Supporting the transformation of healthcare services and delivery in Ontario

In 2019, the Ontario government launched the formation of Ontario Health Teams (OHTs); these multi-disciplinary teams of health care providers (including hospitals, doctors and home and community care providers) work as one coordinated team to address the specific needs and provide coordinated care to patients within their community [7]. The first OHT-related ICES AHRQ project was integral to the initial formation and leveraged methodology from Physician Networks developed at ICES [8] to define the attributed population for all OHTs [7]. To encourage targeted care in the initial phase of team development, emerging OHTs were recommended to identify a subset of their attributed population to concentrate care transformation and improvement efforts before submitting a full application to the Ontario Ministry of Health. The ICES AHRQ Program helped to identify these subpopulations to support applications. For example, the North Rideau Health Alliance OHT (now referred to as the Four Rivers OHT) leveraged the ICES AHRQ Program to characterize their patient population by age groups, local geography and chronic health conditions. Specifically, the request was interested in identifying the proportion either receiving care for or diagnosed with a mental illness, a subpopulation the team has decided to focus on improving services and outcomes for in their first year of development [9]. Along with responding to specific requests posed by individual OHTs, the AHRQ Program also enables other teams like the Health System Performance Network to provide support to the OHTs by making accessible, with appropriate approvals, the attributed population files and associated updates that flows to ICES from the Ministry of Health [10].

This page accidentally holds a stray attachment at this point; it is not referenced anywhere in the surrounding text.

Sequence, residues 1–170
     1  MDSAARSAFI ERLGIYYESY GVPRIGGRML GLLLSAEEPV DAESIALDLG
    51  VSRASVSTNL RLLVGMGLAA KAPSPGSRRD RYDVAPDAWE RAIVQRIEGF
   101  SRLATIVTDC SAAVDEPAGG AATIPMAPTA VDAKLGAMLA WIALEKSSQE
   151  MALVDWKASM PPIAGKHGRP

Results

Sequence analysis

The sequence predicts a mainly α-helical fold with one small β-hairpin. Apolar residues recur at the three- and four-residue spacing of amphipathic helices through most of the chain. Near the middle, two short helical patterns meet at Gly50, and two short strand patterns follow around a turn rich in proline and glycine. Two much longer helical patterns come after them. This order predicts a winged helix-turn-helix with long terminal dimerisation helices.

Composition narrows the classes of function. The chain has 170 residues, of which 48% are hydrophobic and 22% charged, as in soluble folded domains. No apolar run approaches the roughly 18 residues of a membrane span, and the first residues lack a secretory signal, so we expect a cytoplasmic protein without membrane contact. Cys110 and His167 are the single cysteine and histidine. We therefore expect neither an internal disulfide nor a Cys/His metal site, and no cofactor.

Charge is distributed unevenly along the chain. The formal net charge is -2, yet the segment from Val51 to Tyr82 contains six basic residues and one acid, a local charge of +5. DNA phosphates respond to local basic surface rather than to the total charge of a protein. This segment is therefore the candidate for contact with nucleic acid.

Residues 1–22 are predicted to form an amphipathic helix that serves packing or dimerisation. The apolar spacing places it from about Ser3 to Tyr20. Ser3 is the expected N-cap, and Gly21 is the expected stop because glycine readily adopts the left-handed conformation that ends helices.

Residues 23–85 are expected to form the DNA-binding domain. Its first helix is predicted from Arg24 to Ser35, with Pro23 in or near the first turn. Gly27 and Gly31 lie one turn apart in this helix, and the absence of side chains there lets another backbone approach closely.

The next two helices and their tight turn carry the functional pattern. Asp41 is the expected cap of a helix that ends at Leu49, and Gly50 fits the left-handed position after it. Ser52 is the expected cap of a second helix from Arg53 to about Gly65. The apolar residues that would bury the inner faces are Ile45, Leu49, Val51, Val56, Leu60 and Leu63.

Response to COVID-19

Starting in early March 2020, ICES began receiving many requests related to the COVID-19 pandemic. Early requests were related to informing surge capacity planning in hospitals including identifying “elective” surgeries which result in intensive care unit (ICU) hospitalization and ventilator use. By mid-May 2020, there was interest in small area-level data on COVID-19 testing and test recipient characteristics. To further enhance the data that ICES could provide to Knowledge Users, ICES engaged with data partners to negotiate and sign new data sharing agreements for COVID-19 laboratory data as well as others. Knowledge Users included the Ontario Ministry of Health, the Ontario Ministry of Long-Term Care, Public Health Ontario, Indigenous organizations and local public health units. Adjudication and project initiation processes for projects became an organization-wide priority and were expedited. Projects were given the option of regular reporting (daily, weekly, biweekly or monthly) as the need to access information was required urgently to inform regional and system-wide planning and decision-making. To present day, ICES continues to provide regular updates to a variety of Knowledge Users as part of our contribution to the pandemic response and have also been publicly reporting testing and vaccination indicators, as well as providing downloadable data files on ICES’ COVID-19 Dashboard [11] in response to public interest [1214]. In addition, direct access to encrypted individual level data was provided to external researchers who were approved to be “non-affiliated ICES agents”. Novel secure data access mechanisms and time-limited authorizations were developed to enable trusted subject matter experts with expertise in infectious disease modelling to support government-appointed advisory tables. These external researchers continue to model scenarios based on a number of evolving factors, helping to inform government and policymakers of the possible outcomes as a result of lockdown or easing restrictions.